Close correlation between activity in brain area MT/V5 and the perception of a visual motion aftereffect

Sheng He, Eric R. Cohen, Xiaoping Hu

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113 Scopus citations


Studies in primate physiology and human functional neuroimaging have convincingly shown that the area of the brain termed MT/V5+-which includes the middle temporal visual area MT/V5 along with adjacent motion-sensitive areas such as MST-is involved in the processing of motion information. Tootell et al. [3] showed that the blood oxygenation level dependent (BOLD) signal measured by functional magnetic resonance imaging (fMRI) in the human MT/V5+ seemingly correlates with the strength of perceived motion aftereffect (MAE), the illusory motion of a stationary pattern that one sees after adapting to a moving pattern. The signal in MT/V5+ decayed slowly during the period when the MAE was seen. It is possible that this slow decrease in MT/V5+ activity was unrelated to the perceptual experience of motion. After replicating Tootell et al.'s experiment, a modified version of the experiment was concluded in which a blank period was inserted between the adapting motion stimulus and the stationary testing pattern. The results demonstrated that MT/V5+ activity indeed decayed more slowly after an effective unidirectional motion adaptation than after bidirectional adaptation, without corresponding perception of MAE. Nevertheless, in a more conclusive experiment, we adapted observers to a unidirectional motion for a very long period and showed that the activity in MT/V5+ changed in synchrony with the presence and absence of perceived MAE, simply as a result of presenting a stationary visual stimulus in and out of the adapted retinal region.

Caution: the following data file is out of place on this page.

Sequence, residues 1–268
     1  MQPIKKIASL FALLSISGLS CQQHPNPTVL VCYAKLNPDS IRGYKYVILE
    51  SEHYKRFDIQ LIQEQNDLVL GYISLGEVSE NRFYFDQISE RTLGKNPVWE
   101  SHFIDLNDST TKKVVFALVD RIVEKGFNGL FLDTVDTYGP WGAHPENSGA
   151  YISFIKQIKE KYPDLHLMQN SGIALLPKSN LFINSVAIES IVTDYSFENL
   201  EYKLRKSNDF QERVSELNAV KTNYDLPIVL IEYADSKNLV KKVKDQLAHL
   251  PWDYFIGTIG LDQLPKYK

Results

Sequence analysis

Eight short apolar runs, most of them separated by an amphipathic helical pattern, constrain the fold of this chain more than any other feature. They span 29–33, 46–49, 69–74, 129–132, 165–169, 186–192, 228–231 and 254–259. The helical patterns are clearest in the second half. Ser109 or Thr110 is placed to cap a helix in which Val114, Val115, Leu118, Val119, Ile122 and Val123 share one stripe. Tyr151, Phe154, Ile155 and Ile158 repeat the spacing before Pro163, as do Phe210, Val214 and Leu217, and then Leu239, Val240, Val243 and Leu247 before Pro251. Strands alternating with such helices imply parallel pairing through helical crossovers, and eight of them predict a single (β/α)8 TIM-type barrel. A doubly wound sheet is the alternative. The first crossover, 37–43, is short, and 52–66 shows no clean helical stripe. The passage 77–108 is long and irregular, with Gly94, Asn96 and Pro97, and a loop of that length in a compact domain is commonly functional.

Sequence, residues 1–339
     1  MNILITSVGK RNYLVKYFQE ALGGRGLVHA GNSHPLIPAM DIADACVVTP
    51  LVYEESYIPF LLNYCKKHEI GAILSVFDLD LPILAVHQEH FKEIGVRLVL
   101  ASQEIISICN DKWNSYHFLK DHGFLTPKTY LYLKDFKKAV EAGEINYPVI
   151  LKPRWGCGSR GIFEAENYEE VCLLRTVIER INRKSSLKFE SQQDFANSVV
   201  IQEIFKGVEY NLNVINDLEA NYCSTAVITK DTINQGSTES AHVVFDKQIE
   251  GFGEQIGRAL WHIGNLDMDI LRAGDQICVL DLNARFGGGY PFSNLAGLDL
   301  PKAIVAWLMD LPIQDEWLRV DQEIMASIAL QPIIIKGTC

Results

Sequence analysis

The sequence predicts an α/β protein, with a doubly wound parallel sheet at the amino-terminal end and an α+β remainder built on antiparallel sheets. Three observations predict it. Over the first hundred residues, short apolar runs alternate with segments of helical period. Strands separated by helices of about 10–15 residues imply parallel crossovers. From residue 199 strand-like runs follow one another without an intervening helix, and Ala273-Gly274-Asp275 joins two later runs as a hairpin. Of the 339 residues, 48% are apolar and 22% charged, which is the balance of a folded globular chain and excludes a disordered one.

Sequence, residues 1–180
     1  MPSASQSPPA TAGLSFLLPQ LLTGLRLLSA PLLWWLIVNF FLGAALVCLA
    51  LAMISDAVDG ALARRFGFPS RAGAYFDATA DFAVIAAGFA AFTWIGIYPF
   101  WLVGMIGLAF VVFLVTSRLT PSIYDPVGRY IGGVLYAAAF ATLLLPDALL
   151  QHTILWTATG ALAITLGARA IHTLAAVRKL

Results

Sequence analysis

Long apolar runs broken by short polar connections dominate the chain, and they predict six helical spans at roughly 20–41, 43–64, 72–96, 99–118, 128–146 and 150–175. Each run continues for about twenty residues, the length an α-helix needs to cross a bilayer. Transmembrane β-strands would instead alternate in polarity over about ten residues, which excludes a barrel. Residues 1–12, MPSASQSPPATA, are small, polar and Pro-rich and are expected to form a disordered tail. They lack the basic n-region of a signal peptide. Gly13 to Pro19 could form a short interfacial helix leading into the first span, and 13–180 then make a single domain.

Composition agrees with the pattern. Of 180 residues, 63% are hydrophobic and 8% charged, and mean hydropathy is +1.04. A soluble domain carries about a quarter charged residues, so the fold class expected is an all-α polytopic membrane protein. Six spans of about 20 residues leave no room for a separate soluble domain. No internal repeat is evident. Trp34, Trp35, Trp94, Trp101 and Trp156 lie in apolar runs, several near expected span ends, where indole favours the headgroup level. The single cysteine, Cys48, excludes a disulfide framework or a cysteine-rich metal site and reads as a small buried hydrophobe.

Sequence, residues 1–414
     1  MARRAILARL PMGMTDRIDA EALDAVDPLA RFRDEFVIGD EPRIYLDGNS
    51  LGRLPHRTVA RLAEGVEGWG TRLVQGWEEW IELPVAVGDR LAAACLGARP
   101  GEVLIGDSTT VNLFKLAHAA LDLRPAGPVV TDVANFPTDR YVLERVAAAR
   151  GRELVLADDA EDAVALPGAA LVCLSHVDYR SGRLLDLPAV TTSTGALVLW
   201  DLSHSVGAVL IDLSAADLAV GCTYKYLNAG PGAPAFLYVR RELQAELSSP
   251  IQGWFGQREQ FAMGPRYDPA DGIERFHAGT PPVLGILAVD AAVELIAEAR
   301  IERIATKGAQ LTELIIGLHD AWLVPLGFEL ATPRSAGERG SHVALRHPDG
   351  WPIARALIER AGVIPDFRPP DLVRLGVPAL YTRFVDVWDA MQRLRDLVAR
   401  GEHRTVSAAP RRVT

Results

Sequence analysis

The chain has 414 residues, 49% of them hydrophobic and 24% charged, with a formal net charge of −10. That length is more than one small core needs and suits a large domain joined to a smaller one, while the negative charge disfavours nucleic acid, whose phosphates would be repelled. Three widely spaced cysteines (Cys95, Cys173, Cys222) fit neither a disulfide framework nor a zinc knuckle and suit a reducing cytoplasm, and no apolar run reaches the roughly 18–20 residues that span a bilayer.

Original languageEnglish (US)
Pages (from-to)1215-1218
Number of pages4
JournalCurrent Biology
Issue number22
StatePublished - Nov 5 1998

Bibliographical note

Funding Information:
We thank Patty Costello and Essa Yacoub for their help in running the fMRI experiments, Patrick Cavanagh for commenting on the manuscript, and our volunteers for their cooperation. Supported by University of Minnesota start-up fund, Grant-in-Aid to S.H. and NIH grant R01 MH55346 to X.H.


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